- Omicron’s economic impact has been much milder than the COVID outbreaks of 2020 and 2021
- Labor markets are exceptionally tight, with labor shortages the highest since the 1970s
- Borrowers are currently bearing the brunt of the fight against inflation, but rate cuts to a more neutral level will occur – potentially from 2024
- Further increases in business capital spending are likely, but this and other productivity boosts will take time to have an impact
Omicron’s light bite is offset by sluggish global growth
The economic impact of Omicron has been much milder than that of previous COVID outbreaks. High national vaccination rates and a fundamental shift in government response mean the economy is far less disrupted by the current outbreak compared to the 2020 and 2021 lockdowns.
“We believe that the experience of the past few months better reflects the future direction we are taking with COVID. Mobility has increased, but we expect weak GDP growth in the first half of 2022 while high inflation , labor shortages and weakening global growth are beginning to take their toll,” says SBA Chief Economist Nick Tuffley.
The SBA’s latest economic forecast predicts growth of around 1.5% per year in 2022 and 2023.
Market favors job seekers as labor demand shows few signs of slowing
Job seekers, rather than employers, are in the driver’s seat as labor shortages continue to be felt, with the SBA’s economic forecast indicating that wage growth is set to strengthen in 2022 as companies seek to attract and retain talent.
“The employment uncertainties of the first wave of the pandemic are behind us,” says Mr Tuffley.
“For forward-looking organizations, now is the time to build back stronger by investing in people, whether through career development opportunities or compensation. As our borders now reopen, net immigration is unlikely to experience a modest recovery before 2023, meaning labor availability will continue to hamper business growth.
Inflation headaches abound
Households are feeling the impact of high inflation as spending growth is constrained by shrinking real incomes, weaker balance sheets and the tightening of the mortgage belt and rising cost of basic necessities crowding out discretionary spending .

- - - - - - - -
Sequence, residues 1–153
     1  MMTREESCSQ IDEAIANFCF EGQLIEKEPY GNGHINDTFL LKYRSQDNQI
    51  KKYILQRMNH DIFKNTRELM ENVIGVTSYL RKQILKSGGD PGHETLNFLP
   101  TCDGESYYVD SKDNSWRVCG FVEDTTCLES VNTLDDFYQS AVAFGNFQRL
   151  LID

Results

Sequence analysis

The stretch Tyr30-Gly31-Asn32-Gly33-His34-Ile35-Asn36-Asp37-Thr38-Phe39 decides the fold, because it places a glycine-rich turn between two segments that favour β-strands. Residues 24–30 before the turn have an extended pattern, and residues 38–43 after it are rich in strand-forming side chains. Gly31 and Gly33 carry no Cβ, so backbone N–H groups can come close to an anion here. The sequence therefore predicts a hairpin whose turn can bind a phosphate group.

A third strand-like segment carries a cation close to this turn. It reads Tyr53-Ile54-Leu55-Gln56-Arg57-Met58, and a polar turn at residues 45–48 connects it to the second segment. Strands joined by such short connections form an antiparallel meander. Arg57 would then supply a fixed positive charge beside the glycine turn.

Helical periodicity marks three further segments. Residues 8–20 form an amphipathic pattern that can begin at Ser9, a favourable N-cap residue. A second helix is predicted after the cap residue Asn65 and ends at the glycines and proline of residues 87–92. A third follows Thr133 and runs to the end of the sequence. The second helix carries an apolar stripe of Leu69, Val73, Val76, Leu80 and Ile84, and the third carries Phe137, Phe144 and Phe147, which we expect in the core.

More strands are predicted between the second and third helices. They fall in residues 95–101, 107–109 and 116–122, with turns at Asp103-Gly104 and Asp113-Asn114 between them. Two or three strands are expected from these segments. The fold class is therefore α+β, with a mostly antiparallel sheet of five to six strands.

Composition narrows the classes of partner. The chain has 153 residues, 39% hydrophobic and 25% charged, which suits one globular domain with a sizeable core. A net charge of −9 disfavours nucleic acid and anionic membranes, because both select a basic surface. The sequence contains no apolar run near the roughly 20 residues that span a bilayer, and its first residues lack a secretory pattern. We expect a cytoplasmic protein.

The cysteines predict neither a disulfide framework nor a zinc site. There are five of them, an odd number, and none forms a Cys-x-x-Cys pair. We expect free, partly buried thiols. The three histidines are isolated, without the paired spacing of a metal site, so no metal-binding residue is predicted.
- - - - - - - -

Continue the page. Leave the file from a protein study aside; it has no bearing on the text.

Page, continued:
“We are having the biggest real estate boom since the 1970s,” says Mr Tuffley. “Housing has clearly weakened under the weight of tighter credit regulation, rising interest rates and booming construction, creating additional supply.”
The high inflation performance is expected to persist, with annual consumer price inflation expected to peak at around 7% in the first half of 2022, remain above 5% in 2022 and remain above 3% through 2024.
ASB’s quarterly economic outlook indicates house prices are expected to fall by around 12% in total, with around 5% of that decline already priced in. (20% versus 15%).
Bumpy ride to 2024
As New Zealand emerges from the COVID frying pan, new economic fires in the form of inflation, supply chains and labor issues have intensified and will persist.
“The construction sector has been a beacon child for supply chain, goods inflation and labor issues impacting Kiwi businesses. While we believe supply chain issues will begin to unravel from next year, the conflict in Ukraine and ongoing COVID lockdowns in China prolong the current pain,” Mr. Tuffley said.
Borrowers will continue to bear the brunt of inflation, but rate cuts to a more neutral level will occur, potentially as early as 2024.
“Going forward, we expect capital spending to increase. Companies need to start thinking strategically about both their staffing needs and access to future export markets and import sources. Investing in cost- and labor-saving technologies is one avenue forward-thinking companies can choose to explore right now. »
The latest ASB quarterly economic forecasts are available online at: https://www.asb.co.nz/documents/economic-research/quarterly-economic-forecasts.html
Other recent ASB reports covering a range of insights can be found on our ASB Economic Insights page: https://www.asb.co.nz/documents/economic-insights.html
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